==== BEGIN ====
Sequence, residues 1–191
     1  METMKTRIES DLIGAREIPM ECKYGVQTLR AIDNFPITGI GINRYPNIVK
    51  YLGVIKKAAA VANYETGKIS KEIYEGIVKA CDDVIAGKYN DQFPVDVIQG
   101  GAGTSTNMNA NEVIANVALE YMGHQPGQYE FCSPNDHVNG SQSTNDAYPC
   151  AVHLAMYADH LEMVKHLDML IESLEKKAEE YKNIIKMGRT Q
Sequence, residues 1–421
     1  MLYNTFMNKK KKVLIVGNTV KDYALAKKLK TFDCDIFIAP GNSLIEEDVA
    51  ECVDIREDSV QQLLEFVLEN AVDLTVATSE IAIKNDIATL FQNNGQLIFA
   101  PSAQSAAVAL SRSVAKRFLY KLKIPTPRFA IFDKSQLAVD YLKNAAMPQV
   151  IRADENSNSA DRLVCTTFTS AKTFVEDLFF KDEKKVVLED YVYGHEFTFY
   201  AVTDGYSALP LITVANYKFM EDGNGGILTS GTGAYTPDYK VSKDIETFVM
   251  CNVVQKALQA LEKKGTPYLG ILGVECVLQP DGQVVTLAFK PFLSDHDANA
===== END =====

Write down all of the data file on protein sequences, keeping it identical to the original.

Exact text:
Sequence, residues 1–191
     1  METMKTRIES DLIGAREIPM ECKYGVQTLR AIDNFPITGI GINRYPNIVK
    51  YLGVIKKAAA VANYETGKIS KEIYEGIVKA CDDVIAGKYN DQFPVDVIQG
   101  GAGTSTNMNA NEVIANVALE YMGHQPGQYE FCSPNDHVNG SQSTNDAYPC
   151  AVHLAMYADH LEMVKHLDML IESLEKKAEE YKNIIKMGRT Q
Sequence, residues 1–421
     1  MLYNTFMNKK KKVLIVGNTV KDYALAKKLK TFDCDIFIAP GNSLIEEDVA
    51  ECVDIREDSV QQLLEFVLEN AVDLTVATSE IAIKNDIATL FQNNGQLIFA
   101  PSAQSAAVAL SRSVAKRFLY KLKIPTPRFA IFDKSQLAVD YLKNAAMPQV
   151  IRADENSNSA DRLVCTTFTS AKTFVEDLFF KDEKKVVLED YVYGHEFTFY
   201  AVTDGYSALP LITVANYKFM EDGNGGILTS GTGAYTPDYK VSKDIETFVM
   251  CNVVQKALQA LEKKGTPYLG ILGVECVLQP DGQVVTLAFK PFLSDHDANA